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  • Journal Article Hong H, Pruden A, Reardon KF. Comparison of CE-SSCP and DGGE for monitoring a complex microbial community remediating mine drainage. Journal of Microbiological Methods 2007;69(1):52-64. R829515 (Final)
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  • Journal Article Kashian DR, Prusha BA, Clements WH. Influence of total organic carbon and UV-B radiation on zinc toxicity and bioaccumulation in aquatic communities. Environmental Science & Technology 2004;38(23):6371-6376. R829515 (2004)
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  • Journal Article Logan MV, Reardon KF, Figueroa LA, McLain JET, Ahmann DM. Microbial community activities during establishment, performance, and decline of bench-scale passive treatment systems for mine drainage. Water Research 2005;39(18):4537-4551. R829515 (2004)
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  • Journal Article Paschke MW, Valdecantos A, Redente EF. Manganese toxicity thresholds for restoration grass species. Environmental Pollution 2005;135(2):313-322. R829515 (2004)
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  • Journal Article Paschke MW, Perry LG, Redente EF. Zinc toxicity thresholds for reclamation forb species. Water, Air, & Soil Pollution 2006;170(1-4):317-330. R829515 (Final)
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  • Journal Article Pruden A, Messner N, Pereyra L, Hanson RE, Hiibel SR, Reardon KF. The effect of inoculum on the performance of sulfate-reducing columns treating heavy metal contaminated water. Water Research 2007;41(4):904-914. R829515 (Final)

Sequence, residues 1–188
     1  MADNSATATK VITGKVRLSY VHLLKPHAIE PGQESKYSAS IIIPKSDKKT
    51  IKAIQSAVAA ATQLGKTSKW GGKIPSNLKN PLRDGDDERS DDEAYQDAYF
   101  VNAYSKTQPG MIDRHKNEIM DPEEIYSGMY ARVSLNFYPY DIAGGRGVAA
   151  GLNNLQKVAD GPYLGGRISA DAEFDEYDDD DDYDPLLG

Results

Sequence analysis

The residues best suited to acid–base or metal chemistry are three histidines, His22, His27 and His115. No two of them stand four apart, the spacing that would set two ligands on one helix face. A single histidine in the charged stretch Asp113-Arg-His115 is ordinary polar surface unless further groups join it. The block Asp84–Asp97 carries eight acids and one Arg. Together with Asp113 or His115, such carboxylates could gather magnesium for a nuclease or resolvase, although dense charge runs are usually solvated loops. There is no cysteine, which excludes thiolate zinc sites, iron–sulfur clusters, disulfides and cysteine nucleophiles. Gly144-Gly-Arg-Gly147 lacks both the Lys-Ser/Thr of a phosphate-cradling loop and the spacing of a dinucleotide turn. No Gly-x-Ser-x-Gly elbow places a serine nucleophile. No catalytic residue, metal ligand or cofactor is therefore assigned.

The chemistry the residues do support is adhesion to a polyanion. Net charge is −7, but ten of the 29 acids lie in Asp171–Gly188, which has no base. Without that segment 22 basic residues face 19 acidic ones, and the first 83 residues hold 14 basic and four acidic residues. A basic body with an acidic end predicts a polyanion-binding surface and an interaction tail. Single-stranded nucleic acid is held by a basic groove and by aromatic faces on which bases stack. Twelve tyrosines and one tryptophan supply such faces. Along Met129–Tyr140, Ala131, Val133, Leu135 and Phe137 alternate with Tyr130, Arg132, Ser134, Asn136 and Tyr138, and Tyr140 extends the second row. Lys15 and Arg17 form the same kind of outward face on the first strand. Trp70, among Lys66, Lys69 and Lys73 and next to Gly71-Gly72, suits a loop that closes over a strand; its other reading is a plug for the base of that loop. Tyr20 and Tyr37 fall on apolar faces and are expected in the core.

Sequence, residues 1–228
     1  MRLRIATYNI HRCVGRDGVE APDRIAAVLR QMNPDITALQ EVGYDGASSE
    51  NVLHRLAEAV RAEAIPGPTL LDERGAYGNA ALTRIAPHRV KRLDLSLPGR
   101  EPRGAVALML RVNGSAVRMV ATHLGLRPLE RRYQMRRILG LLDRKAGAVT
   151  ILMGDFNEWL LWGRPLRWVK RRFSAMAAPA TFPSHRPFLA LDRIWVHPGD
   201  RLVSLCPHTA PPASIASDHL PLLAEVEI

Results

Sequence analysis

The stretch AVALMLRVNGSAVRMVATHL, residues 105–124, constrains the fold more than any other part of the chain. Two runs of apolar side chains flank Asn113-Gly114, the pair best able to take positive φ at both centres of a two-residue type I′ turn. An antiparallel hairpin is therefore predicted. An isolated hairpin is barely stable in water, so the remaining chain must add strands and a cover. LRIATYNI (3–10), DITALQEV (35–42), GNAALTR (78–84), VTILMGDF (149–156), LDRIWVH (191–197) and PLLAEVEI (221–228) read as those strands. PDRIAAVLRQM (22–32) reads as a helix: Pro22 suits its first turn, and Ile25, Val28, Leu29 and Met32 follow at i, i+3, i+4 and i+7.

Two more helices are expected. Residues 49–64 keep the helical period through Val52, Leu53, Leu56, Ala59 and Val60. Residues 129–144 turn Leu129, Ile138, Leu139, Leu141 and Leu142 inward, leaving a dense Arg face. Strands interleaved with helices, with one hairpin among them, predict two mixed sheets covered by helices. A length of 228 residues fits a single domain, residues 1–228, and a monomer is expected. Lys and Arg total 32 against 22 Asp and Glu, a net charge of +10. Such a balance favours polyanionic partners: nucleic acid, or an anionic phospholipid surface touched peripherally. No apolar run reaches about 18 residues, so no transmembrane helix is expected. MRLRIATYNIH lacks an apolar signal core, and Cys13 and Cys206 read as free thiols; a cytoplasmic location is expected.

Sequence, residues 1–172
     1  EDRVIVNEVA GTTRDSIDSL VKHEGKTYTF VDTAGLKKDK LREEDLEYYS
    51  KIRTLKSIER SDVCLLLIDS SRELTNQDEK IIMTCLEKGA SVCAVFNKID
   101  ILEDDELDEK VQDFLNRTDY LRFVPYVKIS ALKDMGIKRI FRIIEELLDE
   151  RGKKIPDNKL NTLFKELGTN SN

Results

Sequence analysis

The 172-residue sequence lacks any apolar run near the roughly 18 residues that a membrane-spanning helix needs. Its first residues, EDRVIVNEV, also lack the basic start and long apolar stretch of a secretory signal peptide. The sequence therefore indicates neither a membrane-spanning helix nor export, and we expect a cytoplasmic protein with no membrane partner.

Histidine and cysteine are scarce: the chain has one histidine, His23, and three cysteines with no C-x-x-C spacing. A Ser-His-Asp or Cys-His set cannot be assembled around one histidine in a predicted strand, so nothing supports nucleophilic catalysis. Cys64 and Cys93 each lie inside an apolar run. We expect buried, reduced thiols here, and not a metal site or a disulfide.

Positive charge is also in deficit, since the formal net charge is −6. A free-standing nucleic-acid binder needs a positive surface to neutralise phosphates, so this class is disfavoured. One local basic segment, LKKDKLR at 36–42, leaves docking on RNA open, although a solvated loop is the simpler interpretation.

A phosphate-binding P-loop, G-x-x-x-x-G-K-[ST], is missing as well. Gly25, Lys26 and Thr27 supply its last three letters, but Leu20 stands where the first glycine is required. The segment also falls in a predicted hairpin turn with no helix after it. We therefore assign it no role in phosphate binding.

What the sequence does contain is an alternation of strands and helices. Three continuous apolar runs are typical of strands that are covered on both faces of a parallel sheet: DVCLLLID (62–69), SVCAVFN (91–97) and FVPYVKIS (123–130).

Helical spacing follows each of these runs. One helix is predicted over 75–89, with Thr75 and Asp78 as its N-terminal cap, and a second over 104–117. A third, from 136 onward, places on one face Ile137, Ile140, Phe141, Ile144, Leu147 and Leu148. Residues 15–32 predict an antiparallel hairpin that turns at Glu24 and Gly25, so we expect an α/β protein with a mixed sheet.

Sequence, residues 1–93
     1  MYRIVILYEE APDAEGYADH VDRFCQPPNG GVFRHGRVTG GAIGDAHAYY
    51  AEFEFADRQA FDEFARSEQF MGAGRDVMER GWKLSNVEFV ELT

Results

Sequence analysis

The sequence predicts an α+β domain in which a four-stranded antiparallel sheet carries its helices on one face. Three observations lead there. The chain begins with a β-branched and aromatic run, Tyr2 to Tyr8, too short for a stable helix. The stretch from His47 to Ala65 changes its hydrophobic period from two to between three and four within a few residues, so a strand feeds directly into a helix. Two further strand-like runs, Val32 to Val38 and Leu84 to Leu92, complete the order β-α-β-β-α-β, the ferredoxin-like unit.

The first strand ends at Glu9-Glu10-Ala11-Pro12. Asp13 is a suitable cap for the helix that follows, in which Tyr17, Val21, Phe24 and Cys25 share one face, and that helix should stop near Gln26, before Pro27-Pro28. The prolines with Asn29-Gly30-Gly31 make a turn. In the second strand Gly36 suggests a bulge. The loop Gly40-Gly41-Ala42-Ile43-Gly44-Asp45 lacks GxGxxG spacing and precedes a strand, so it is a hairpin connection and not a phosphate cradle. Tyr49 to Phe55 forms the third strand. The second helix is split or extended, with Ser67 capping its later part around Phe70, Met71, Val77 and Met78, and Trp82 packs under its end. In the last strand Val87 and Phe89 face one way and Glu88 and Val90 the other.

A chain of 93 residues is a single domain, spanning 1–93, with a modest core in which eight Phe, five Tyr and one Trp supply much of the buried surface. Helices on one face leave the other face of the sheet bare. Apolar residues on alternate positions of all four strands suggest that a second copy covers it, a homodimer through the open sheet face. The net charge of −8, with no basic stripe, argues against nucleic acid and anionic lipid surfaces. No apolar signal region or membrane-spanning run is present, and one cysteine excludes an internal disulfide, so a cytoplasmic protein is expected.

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  • Journal Article Prusha BA, Clements WH. Landscape attributes, dissolved organic C, and metal bioaccumulation in aquatic macroinvertebrates (Arkansas River Basin, Colorado). Journal of the North American Benthological Society 2004;23(2):327-339. R829515 (2003)
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  • Journal Article Redman AD, Macalady DL, Ahmann D. Natural organic matter affects arsenic speciation and sorption onto hematite. Environmental Science & Technology 2002;36(13):2889-2896. R829515 (2002)
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  • Journal Article Ritter K, Aiken GR, Ranville JF, Bauer M, Macalady DL. Evidence for the aquatic binding of arsenate by natural organic matter--suspended Fe(III). Environmental Science & Technology 2006;40(17):5380-5387. R829515 (2005)
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  • Journal Article Rojas R, Velleux M, Julien P, Johnson B. Grid scale effects on watershed soil erosion models. Journal of Hydrologic Engineering 2008;13(9):793-802. R829515 (2003)